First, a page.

And then I’d start making out with her. I always had an eye to pick the ones who would just love it. We’d end up rolling around on the stage, grinding, tongue kissing and groping each other while the audience went completely bat shit crazy.

It became a standing room only, hot ticket item on Lolla ’94. Two weeks in, and the word on the tour was that there was live girl-on-girl porn on the Third Stage at 4:00.

Thank God there were no responsible adults around.

 

Rock Stars and Poets and Bears, Oh My

Many musicians are really poets at heart. Eventually, most of them came to the Third Stage to size us up. They liked what they heard, and as the tour wore on, we often collaborated. A horn player from P. Funk and I became close. He accompanied some of my poems.

The dark, rich sounds of his trumpet resonated and brought my poetry alive. As his music wove around my words, the audience could feel not only the story in my poetry, but the one of my growing relationship with this man. Those seductive, sunlit, late afternoon renditions of my spoken word, fueled with cheap tequila and extravagant passion, were the pinnacle of my performing career. Never to be rivaled again.

For many, for most, it was the summer of love.

 

Okay. It was a total fuck fest.

On tour, everyone’s single. You never knew which musician would wake up on our bus, crawling out of the coffin-like sleep bunks. I’ll never name names. I’m a star-fucker, not a name-dropper.

 

 

Touring was physically grueling. We only checked into hotels if we played a city more than one night. Otherwise, we packed up, and hit the road. No hotels meant no showers. Eating like crap. Nobody slept. We performed, partied, wrote, repeat.

I walked around talking into a hand-held tape recorder constantly. I have the entire experience on tape.

I can’t bear to listen to it.

 

 

 

To create some sort of order from this complete chaos, I followed a routine. We closed up the Third Stage at 6:00 pm. I had to haul ass if I wanted to get to Main Stage in time to worship at the altar of George Clinton and his P.Funk All Stars. Clinton was an icon who dominated my R&B project girl childhood.

♫ Bow-wow-wow-yippie-yo-yippie-yeah
Bow-wow-yippie-yo-yippie-yeah ♫

 

Then, head to the Beasties trailer. They had a basketball court setup outside their trailer so they could play as their pre-show warm up, and my horn player played against them every night. The Beasties were dope white boys from New York, and I was fond of them, but I took a perverse pleasure in watching my horn player stomp their white asses across the court every single night.

After the game, dinner at the catering tent. Find a quiet corner – not always easy – so I could

Write. Write. Write.

Then, load up the bus and drive through the night, or check into a hotel. Stay up till dawn in whichever room, on whatever bus, was happening that night.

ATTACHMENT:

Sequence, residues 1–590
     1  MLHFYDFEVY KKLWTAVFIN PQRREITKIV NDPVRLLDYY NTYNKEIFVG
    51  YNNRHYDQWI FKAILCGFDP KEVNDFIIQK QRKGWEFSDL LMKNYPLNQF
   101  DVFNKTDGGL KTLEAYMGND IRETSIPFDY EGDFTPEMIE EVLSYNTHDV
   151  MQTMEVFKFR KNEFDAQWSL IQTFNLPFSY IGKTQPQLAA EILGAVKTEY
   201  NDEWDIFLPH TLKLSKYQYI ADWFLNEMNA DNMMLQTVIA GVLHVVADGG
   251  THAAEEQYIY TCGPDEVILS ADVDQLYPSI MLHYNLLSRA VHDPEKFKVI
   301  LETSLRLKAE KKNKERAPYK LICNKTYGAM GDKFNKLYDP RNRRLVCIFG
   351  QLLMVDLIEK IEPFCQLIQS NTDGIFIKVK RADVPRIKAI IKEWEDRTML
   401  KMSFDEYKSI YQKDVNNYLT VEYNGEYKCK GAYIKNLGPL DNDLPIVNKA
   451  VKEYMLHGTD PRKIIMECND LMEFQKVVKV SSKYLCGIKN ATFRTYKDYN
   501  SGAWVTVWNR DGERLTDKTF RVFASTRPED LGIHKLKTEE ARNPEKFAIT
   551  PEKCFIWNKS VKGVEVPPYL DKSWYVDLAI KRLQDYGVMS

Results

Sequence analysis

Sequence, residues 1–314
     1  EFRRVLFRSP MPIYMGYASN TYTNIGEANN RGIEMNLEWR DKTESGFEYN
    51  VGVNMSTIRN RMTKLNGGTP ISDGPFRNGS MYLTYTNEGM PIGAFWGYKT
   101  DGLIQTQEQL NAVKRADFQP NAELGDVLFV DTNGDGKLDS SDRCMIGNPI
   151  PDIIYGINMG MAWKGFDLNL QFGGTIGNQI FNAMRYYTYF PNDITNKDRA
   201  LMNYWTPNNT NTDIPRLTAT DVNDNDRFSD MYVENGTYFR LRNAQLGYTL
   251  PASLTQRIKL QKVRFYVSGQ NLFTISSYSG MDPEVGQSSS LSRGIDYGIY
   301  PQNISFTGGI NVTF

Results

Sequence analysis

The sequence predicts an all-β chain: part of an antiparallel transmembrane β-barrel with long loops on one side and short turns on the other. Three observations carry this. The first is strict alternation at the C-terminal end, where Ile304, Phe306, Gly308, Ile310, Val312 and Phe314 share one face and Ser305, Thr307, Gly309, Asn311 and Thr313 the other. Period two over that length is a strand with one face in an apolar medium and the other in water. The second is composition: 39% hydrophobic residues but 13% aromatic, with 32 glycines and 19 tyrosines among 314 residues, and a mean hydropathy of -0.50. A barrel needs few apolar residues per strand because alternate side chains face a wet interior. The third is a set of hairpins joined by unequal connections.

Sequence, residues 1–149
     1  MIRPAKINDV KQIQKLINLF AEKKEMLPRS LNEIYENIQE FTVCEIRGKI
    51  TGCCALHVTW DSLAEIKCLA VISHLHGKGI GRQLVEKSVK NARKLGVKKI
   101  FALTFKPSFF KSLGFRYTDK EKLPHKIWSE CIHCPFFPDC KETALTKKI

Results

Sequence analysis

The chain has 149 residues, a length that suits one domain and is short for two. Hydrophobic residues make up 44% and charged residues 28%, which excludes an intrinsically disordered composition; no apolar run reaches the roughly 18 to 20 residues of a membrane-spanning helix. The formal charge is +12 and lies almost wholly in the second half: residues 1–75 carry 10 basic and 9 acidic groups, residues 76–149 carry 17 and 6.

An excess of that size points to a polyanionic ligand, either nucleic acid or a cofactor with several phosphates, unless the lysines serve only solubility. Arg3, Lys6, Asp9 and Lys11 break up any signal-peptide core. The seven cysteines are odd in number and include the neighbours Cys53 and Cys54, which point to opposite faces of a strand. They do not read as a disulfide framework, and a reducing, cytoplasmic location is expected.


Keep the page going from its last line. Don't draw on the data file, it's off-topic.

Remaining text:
If we were in town for the night, then we tore it up. I was told we were completely off the hook in New Orleans. Police were involved.

I have absolutely no memory of it.

 

—-

Returning Hero

I came back to New York victorious.

Interview clips and MTV blips of our performances had been splattered across TV. Everyone returned to their hometowns in hot demand. We had crossed over, melded performance poetry with rock and roll. It was a pivotal time on the writing scene.

I had offers to do articles. Books. I had performances scheduled. My phone rang incessantly. Managers wanted me. Agents wanted me.

Yay, me.

Unfortunately-

I had acquired a bad habit. Without the tour to keep me going, the camaraderie of the other poets, without the whole carnival of lights, sound and music…

and my new-found fame so overwhelming, I could not handle it…

Or knew I couldn’t sustain it?

Something.

I lost myself somewhere along the way.

 

I missed deadlines. Blew off interviews. Showed up late to performances. Or so fucking high on smack, I’d stumble through a shit show and think I was spectacular.

I pulled the phone out of the wall, for days at a time. Heroin makes you antisocial.

People stopped calling.

I faded into obscurity.

Most of the writers I knew from that tour are successful. They write books; are artists-in-residences. Many still tour and perform.

You post videos of them on your blogs. I stumble onto one of those, and I forget to breathe.

I’m happy for their success, but I get sick thinking about what I squandered.

I never discuss it. People who know me today don’t even know it ever happened.

Maybe it didn’t.

 

For the next two decades, I stopped writing. Lightning never strikes the same place twice. The universe gave me my opportunity, and I blew it.

But now, my life has shattered open. Words, like blood from a wound that never healed, are gushing out. I can’t rein them in.

Even though no one will read, I’ll write them anyway. Just for me.

It hurts to write. It scares the fuck out of me to hit “Publish.” I’m afraid nothing will come of it.

I’m terrified that something will come of it.

 

One of my favorite songs I ever saw performed live is “All Apologies,” Nirvana.

“All in all is all we are, all in all is all we are…”

There are worse things then blowing your career after being on a rock tour.

Like blowing your brains out before you even make it on that very same tour.

 

All Apologies – to myself.

I have to forgive myself.

I need to forgive myself.

Please, God. Let me forgive myself.

 

 

Did you ever blow the opportunity of a lifetime?
Talk to me. I’m listening.